Hip-Hop Assassination Attempts

It seems that every time a powerful entity arises that can evoke thought, human beings have the tendency to try and destroy such it, historically. Martin Luther King Jr. was assassinated because he spoke of a world that people in that time couldn’t imagine. Malcolm X was assassinated because he took a stand in a time where doing so could be a death sentence. His act of taking a stand inspired future generations to do the same. For people who don’t understand the culture or are afraid of the possible changes that can come to fruition, I would imagine it to be a very scary thing. I don’t want to make this piece to seem like it is speaking solely on racial issues, because Hip-Hop is so diverse. With that said, to claim that some of these issues with that the Hip-Hop culture has had to hurdle are, at least somewhat, racially based. Part of the reason is because of how Black people were represented in the 90’s. Outside of the Huxtables, many people had the negative connotation that all young black men were no more than “Boys in the Hood”. With that type of mindset, it isn’t hard to imagine why having a Tupac or Public Enemy speaking on the injustices of American equality would scare a lot of people who are unaware of that  reality. With this fear came a desire to control, or even destroy, Hip-Hop.

Media

This was the first attempted assassination on Hip Hop. The idea behind such a heinous attempt was simple: The  way to uproot the culture of hip hop from the hearts and air waves of the American people was to villainize the art. As more and more Hip-Hop artists began to speak on cultural and political issues, there were people in power who honestly felt threatened. Not necessarily because of the actual artist, but because they may plant a seed of change into the American people. Artist like NWA, Tupac, Public Enemy, and countless numbers of others were often depicted as thugs and criminals. Yes, at times rappers were angry, but you have to look at circumstances behind that anger. Did artists make music about committing crimes? Yes they did. Often because at a time in their lives they felt that was the only way for them to survive. Listen to Ready to Die, or Reasonable Doubt and you can hear the dilemma these artists were in. The media would often only take the anger or the negative actions these artists spoke on and allowed that to be the only representation of the culture. Look at some of the trials that are mostly based off of public opinion: Shyne, Max B, Lil Wayne, Snoop Dogg, and even the late great Tupac.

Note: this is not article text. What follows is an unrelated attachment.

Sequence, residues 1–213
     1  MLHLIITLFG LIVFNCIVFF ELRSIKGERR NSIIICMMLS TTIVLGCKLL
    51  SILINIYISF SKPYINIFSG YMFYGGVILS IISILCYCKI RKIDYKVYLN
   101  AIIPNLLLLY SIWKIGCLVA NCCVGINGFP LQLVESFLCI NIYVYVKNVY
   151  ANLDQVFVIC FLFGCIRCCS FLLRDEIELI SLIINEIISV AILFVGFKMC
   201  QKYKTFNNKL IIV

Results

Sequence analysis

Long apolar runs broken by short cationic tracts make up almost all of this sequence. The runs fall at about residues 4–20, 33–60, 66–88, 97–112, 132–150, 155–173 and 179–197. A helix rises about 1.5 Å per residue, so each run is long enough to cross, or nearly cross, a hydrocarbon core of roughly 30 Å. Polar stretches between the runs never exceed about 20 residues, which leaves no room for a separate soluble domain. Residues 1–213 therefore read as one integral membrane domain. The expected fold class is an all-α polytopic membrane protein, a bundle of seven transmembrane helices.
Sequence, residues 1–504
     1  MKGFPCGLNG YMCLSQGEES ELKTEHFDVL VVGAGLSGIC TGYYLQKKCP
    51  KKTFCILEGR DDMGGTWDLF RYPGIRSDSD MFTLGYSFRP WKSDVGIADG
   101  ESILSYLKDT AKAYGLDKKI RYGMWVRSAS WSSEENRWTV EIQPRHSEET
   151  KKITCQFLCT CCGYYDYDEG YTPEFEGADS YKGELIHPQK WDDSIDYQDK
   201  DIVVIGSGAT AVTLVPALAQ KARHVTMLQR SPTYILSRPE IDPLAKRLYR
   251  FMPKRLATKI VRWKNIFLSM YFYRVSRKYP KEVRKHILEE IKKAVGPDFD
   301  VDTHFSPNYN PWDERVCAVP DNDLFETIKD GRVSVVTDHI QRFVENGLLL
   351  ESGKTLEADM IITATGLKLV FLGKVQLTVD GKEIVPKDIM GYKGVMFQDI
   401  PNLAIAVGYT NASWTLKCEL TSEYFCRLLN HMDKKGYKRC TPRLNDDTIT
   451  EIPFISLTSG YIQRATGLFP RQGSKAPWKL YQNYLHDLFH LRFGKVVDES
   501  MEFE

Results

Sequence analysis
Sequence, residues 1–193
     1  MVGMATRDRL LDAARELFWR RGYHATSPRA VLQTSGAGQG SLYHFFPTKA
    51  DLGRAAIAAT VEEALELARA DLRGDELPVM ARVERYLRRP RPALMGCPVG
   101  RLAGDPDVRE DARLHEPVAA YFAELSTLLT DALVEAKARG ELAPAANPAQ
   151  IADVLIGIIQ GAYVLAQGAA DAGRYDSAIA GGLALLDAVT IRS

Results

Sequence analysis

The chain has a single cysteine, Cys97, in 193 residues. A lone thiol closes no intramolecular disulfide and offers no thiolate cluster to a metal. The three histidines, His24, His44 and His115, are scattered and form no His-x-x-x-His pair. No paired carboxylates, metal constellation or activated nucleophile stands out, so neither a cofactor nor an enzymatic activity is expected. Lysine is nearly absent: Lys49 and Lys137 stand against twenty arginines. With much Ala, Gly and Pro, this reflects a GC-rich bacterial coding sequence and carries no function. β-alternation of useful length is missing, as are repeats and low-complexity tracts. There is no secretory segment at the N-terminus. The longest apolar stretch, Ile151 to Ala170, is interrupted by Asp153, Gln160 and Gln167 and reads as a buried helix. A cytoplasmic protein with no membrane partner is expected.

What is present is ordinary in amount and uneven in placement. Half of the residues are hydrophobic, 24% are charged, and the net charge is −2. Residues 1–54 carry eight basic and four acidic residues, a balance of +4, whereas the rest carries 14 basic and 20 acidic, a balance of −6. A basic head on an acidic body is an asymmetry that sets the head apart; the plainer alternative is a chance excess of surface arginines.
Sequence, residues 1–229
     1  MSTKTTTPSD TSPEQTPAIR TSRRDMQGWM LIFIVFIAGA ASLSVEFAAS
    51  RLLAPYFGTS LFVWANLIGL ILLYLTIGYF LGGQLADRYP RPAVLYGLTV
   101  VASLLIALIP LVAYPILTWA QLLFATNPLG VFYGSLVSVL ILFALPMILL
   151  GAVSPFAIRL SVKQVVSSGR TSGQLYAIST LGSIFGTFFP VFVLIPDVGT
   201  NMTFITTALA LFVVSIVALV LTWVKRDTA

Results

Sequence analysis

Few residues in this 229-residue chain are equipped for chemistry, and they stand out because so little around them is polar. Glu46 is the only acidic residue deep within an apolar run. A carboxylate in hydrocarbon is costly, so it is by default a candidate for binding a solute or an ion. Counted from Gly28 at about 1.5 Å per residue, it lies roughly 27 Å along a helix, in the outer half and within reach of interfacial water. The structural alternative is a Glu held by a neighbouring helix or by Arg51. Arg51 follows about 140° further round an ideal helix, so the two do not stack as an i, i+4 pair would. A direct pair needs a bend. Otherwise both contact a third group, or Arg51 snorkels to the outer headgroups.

Masonic Rumors:

I can’t even explain this one. It seems like every time I turn around there is a new rumor about what new artist is in the Illuminati. These rumors aren’t even coming from the instruments of the media, yet rather people who have the means to post YouTube videos (which everyone can do). Like I said before, a lot of these issues are at least somewhat racially based. Only black people are being called Masonic. I am a lover of Hip-Hop and I have heard everyone from Kanye and Lil Wayne to Jay-Z, and Beyoncé called Masonic. I have never heard Paul Wall, Eminem, or Yelawolf framed as servants of Lucifer. This is the new method to destroy Hip-Hop as a culture.

Hip-Hop is not excluded from the historical anomalies. The problem is that Hip hop isn’t a person yet rather a culture. The originators of this culture that we hold so close to our hearts have never been in the spot light. Had they been, there is a possibility that rap music never would have evolved into what it has become. Fortunately by the time rap music hit the mainstream the seeds of inspiration had already been in planted into the youths of the inner city. In a sense, Hip-Hop was a sneak attack made to assault the very insecurities of the people who intended to assault it.

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